Fasting is when someone abstains from food for a set period. Most of us naturally fast overnight when we don’t eat because we’re sleeping. However, some people adhere to set fasting windows, like 14, 16, 18, 20, or even 24 hours (OMAD), which can push someone to ignore their innate hunger cues. These methods, of course, have pros and cons.
Fasting for longer than your body is comfortable with is a stressor. It also often results in a calorie deficit—at least in the beginning. As stress wears on the body from inadequate energy intake, many people end up regaining the weight they lost because they end up bingeing as soon as they let themselves eat again. This is because they let their blood sugar fall well below their average, which creates uncontrollable hunger.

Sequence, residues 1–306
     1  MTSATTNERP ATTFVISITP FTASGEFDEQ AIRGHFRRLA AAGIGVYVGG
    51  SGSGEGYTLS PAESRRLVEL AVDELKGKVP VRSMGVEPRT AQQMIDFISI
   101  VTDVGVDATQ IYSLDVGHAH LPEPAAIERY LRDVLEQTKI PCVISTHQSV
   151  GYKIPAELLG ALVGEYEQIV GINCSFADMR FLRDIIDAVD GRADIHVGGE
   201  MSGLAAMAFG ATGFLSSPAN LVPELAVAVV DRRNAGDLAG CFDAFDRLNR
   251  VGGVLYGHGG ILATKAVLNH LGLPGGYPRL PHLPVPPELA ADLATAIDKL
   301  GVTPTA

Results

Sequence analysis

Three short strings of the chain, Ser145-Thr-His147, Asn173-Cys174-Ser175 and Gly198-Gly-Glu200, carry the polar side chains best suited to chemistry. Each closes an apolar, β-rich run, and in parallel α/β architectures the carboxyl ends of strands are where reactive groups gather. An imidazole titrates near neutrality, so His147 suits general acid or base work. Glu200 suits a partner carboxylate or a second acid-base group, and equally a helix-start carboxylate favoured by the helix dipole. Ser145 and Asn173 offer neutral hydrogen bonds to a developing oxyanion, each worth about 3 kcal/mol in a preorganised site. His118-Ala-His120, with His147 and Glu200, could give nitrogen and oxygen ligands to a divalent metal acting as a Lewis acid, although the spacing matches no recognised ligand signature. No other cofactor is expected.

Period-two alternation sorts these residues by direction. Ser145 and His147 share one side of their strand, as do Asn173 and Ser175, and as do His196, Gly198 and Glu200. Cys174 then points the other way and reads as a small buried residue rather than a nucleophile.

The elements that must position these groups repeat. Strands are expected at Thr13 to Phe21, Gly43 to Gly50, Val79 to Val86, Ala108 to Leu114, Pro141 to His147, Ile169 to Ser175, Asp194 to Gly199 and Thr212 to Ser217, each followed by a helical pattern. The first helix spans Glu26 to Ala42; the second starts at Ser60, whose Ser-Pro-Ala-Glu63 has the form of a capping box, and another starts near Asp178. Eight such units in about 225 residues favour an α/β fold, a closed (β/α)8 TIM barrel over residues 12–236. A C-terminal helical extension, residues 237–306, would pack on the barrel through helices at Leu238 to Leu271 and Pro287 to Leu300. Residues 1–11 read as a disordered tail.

When you go to refeed, insulin sensitivity is extremely high, and tissues absorb the energy readily. As a result, your glucose might fall shortly after. If your calories are far below your calories out, the effects of this scenario compound. While this is fine in the short term, your body can perceive it as active starvation and scarcity the longer it continues. Because of the stress it exhibits on your body, your adrenals and pancreas may lose the ability to regulate BG over time.
Low-carb and even ‘zero-carb’ diets are popular for managing metabolic syndrome and inflammatory conditions like autoimmunity and complex and chronic illnesses (i.e., Lyme disease).
If you’re new here, I’m a big-time advocate for using a low-carb diet to manage blood glucose and conditions like T1D and T2D. But in some instances, it might be doing you more harm than good, depending on your state of health, and I want to talk about why.